Get item from set

Raymond Hettinger python at rcn.com
Wed Apr 29 15:55:54 CEST 2009


[bearophileH... at lycos.com]
> But some other times you may accept to change the class and the set/
> dict, making it tell apart the keys only when they are different
> object:
>
> class Some(object):
>     def __init__(self, y):
>         self._y = y
>     def __eq__(self, other):
>         return self is other
>     def __hash__(self):
>         return hash(self._y)
>
> Now your set/dict keeps all the instances, even when they contain the
> same _y.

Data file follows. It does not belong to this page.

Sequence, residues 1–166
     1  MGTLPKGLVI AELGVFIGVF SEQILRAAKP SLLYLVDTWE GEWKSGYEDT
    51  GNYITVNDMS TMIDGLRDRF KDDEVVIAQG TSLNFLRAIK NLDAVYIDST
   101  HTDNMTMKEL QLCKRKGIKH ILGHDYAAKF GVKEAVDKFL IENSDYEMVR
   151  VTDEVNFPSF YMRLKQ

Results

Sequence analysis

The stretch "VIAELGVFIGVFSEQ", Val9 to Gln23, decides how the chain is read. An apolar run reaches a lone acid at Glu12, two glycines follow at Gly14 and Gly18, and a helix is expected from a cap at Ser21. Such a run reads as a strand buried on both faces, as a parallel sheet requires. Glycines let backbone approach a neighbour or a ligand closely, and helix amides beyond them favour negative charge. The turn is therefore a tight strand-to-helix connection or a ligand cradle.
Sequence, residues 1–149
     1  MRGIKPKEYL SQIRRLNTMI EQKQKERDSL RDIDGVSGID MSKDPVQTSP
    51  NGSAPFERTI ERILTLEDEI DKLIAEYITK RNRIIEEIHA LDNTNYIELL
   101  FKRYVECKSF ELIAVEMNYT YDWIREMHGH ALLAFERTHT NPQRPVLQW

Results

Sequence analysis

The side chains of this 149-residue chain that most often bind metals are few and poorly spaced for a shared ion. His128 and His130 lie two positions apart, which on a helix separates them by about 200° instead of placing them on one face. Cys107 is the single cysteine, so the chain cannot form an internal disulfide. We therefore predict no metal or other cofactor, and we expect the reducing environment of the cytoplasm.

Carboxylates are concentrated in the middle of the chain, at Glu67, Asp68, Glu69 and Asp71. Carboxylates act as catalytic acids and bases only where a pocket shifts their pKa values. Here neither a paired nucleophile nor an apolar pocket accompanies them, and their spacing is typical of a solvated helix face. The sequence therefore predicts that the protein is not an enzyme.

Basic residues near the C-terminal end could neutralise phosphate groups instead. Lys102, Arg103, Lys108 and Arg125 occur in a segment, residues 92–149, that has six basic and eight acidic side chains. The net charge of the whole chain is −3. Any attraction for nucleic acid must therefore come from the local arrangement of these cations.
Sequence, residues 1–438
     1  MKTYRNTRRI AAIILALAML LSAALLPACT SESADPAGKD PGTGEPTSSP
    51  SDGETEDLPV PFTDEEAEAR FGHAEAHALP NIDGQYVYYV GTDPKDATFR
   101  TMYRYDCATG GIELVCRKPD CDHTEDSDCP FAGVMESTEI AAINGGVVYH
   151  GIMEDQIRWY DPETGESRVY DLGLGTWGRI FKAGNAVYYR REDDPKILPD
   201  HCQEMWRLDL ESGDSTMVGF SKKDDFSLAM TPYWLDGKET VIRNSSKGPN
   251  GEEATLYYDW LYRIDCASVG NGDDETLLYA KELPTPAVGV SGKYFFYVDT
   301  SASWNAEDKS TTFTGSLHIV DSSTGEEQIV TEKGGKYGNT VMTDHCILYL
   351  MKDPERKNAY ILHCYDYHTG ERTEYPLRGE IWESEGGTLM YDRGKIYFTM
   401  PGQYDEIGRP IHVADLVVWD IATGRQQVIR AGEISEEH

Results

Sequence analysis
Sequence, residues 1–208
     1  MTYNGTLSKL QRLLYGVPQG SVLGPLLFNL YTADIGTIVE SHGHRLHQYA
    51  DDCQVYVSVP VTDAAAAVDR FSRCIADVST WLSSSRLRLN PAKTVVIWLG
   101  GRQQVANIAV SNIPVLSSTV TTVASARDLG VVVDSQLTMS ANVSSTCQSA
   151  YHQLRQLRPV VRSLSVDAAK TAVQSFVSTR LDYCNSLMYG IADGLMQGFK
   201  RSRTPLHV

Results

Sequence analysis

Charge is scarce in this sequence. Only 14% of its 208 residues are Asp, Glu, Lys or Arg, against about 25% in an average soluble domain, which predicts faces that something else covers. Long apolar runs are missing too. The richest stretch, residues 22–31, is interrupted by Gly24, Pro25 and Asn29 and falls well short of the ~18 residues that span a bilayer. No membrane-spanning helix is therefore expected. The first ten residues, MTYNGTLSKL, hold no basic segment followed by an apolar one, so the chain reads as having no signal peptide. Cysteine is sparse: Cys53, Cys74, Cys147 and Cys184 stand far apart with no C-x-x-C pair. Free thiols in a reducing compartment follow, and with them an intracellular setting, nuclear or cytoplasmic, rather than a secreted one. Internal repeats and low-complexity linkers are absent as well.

David Mertz suggested something like this in one of his Developer
Works
articles.  Essentially, he was describing an IdentityDict or
IdentitySet.

I don't really see how those would be useful in regular python.
Why treat equal but not identical objects as distinct in an
environment where you have so little control over object identity?

>>> s = IdentitySet(['abc'])
>>> e = 'ab' + 'c'   # distinct element, equal to 'abc', but not identical
>>> e in s
False

For the most part, we can't even count on equal integers having the
same identity:

>>> x = 1000
>>> y = 1001 - 1
>>> [id(o) for o in (x, y)]
[16675616, 16676240]

I'm curious about your use cases for the Some() class in conjunction
with a dict or set.


Raymond



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